"I couldn't go no place without having to watch my back," Hoak testified.
Hoak led the jury through his version of the events of Feb. 9, 2003, when Hose was shot.
Hoak said the evening started when he and a group of friends went to Shenandoah Lanes to bowl. Hoak said the group enjoyed a few pitchers of beer, but Hoak said he was not intoxicated.
Hoak testified he later left Shenandoah Lanes and went to Images with his wife.
After he entered the bar along W.Va. 51 near the intersection with Leetown Road in the southwest portion of Jefferson County, Hoak said he saw Hose, who motioned for Hoak to come over to him.
Hoak said there was a conversation where Hose asked Hoak to stop calling the police and Hoak said he asked Hose to leave him alone.
Hoak said after a bouncer suggested to him to "let it go," he shook hands with Hose.
Hoak testified he and his wife left the bar about 2 a.m. and he got in their car to start it and warm it up. Hoak said he was also waiting for a friend to come out of the bar.
Hose came out of the bar and Hoak testified that he asked Hose if everything was OK. Hose responded with a comment that indicated everything was not OK, Hoak testified.
Hoak testified that Hose reached into a car, which concerned him.
"I knew he was going after something in his car," Hoak said.
"He kept coming at me. I told him to stop. I said just leave me alone," Hoak said.
Hoak broke down on the stand at that point, and Circuit Judge Thomas W. Steptoe Jr. called for a short recess.
When Hoak resumed his testimony, he recounted the shooting of Hose.
"I closed my eyes and squeezed the trigger. I don't recall the gun going off," Hoak said.
A witness to the shooting testified that a "crazy" atmosphere among a large group of people developed in the bar's parking lot after Hose was shot, and Hoak testified that he felt he needed to get out of the area.
Hoak said he went to his father's house on nearby Jefferson Orchard Road and told his dad to call the police.
Hoak began his testimony describing how the threats from Hose started.
Hoak said Hose starting making the telephone calls to a home he had in Hedgesville, W.Va., and testified that a fire was started outside his Hedgesville home and another fire was started outside his house in Leetown, W.Va., where he later lived.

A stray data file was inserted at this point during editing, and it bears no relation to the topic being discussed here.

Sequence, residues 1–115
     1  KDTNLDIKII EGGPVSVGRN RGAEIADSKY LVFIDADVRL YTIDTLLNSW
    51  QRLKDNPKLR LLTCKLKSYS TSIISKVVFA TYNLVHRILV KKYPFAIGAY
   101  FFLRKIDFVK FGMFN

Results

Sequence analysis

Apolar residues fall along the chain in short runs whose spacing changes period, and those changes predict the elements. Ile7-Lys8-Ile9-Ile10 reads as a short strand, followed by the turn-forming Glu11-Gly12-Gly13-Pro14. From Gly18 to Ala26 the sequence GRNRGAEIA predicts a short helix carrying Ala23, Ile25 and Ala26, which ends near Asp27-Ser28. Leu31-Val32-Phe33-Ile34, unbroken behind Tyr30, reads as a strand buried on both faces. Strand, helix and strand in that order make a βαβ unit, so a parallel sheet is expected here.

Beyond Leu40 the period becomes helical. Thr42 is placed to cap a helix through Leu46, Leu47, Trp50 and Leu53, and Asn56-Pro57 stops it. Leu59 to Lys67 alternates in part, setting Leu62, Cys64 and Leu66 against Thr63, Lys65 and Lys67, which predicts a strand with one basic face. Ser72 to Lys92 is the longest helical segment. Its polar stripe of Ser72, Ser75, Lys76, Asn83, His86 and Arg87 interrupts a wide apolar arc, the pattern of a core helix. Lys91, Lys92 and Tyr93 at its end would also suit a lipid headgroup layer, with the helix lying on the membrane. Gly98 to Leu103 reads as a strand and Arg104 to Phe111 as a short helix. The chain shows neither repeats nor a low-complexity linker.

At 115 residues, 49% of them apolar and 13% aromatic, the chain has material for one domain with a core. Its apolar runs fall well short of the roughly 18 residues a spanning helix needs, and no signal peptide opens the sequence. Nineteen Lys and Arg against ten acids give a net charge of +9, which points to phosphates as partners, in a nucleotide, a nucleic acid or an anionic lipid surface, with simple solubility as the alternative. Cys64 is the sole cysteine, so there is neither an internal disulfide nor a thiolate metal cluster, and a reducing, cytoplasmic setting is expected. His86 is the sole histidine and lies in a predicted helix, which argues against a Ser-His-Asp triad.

"Larry told me he would burn my house down," Hoak said.
Dawson Mongold, Hose's second cousin, testified that Hose was "out to get" Hoak and that Hose was "obsessed" about the situation.
"He was crazy," Mongold testified.
West Virginia State Police Trooper James Long testified that he was familiar with Hose's violent tendencies.
The trial has focused at times on whether Hoak was acting in self-defense, although prosecutors have downplayed the possibility.
Jefferson County Prosecuting Attorney Michael D. Thompson referred earlier to comments from the Images bouncer the night Hose was killed.
The bouncer, Chris Burnette, testified last week that he told Hoak to "let it go" after Hose and Hoak had their initial conversation in Images.
Burnette said Hoak responded by saying, "This is the thing you can't let go."
Assistant Prosecuting Attorney Larry Crofford pointed out Tuesday in cross-examination that discrepancies exist between what Hoak testified to Tuesday and what he told police shortly after the shooting.
Hoak testified that he believed Hose had a weapon when the two met in the Images parking lot, but in a statement to police after the shooting, Hoak said he did not believe Hose had a weapon, according to Crofford.
Hoak told Crofford there is a "lot of conflicting stuff" in his statement to police and said he was not functioning well after the shooting because he was stressed over what had happened.
"I was terrified. I was scared out of my mind. I just wanted to be alone at that point," Hoak said.
The trial started May 10 and defense attorney Kevin D. Mills said he and defense attorney Harley O. Wagner may be able to complete their case today.